Investor Sentiment in the Stock Market
Malcolm P. Baker
Harvard Business School; National Bureau of Economic Research (NBER)
NYU Stern School of Business; National Bureau of Economic Research (NBER)
Journal of Economic Perspectives, Vol. 21, No. 2, pp. 129-151, Spring 2007
NYU Working Paper No. FIN-11-026
The history of the stock market is full of events striking enough to earn their own names: the Great Crash of 1929, the ’Tronics Boom of the early 1960s, the Go-Go Years of the late 1960s, the Nifty Fifty bubble of the early 1970s, the Black Monday crash of October 1987, and the Internet or Dot.com bubble of the 1990s. Each of these events refers to a dramatic level or change in stock prices that seems to defy explanation. The standard finance model, in which unemotional investors always force capital market prices to equal the rational present value of expected future cash flows, has considerable difficulty fitting these patterns. Researchers in behavioral finance have therefore been working to augment the standard model with an alternative model built on two basic assumptions.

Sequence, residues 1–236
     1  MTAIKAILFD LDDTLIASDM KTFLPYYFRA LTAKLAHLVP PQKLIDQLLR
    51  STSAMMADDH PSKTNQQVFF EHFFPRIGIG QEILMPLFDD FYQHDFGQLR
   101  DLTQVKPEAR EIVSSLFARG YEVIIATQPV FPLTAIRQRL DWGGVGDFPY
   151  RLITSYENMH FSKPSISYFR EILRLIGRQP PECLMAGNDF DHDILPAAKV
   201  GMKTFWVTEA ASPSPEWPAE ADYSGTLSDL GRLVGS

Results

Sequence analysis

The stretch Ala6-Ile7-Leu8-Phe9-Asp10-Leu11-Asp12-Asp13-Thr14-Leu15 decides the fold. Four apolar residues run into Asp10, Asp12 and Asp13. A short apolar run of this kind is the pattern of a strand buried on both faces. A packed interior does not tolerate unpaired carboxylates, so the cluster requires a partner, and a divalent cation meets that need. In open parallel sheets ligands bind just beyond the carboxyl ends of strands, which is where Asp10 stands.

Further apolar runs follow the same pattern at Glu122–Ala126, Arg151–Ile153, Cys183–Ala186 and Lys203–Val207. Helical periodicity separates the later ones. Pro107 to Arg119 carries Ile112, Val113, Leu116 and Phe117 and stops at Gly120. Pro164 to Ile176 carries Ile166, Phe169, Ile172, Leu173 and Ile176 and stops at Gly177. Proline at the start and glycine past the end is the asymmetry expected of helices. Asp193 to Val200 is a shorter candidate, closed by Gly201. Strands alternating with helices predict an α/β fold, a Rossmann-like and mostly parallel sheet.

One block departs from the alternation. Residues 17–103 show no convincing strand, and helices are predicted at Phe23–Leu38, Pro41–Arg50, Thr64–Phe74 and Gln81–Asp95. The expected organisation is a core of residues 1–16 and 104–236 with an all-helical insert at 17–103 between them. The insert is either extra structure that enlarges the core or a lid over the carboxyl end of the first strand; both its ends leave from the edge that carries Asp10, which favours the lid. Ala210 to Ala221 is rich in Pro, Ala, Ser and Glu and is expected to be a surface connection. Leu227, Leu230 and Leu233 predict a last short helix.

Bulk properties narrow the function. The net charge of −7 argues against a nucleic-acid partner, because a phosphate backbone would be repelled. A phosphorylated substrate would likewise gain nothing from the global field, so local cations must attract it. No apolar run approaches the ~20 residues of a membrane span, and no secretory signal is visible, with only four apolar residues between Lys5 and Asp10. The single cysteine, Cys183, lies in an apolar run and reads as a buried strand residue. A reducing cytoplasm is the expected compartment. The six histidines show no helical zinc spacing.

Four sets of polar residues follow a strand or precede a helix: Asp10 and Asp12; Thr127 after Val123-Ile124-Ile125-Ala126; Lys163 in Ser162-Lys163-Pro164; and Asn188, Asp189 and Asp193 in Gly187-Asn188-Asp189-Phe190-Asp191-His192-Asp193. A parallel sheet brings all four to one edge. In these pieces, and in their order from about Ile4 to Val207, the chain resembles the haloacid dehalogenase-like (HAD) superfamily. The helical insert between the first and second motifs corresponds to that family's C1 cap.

Number of Pages in PDF File: 23Accepted Paper Series
Date posted: December 15, 2011
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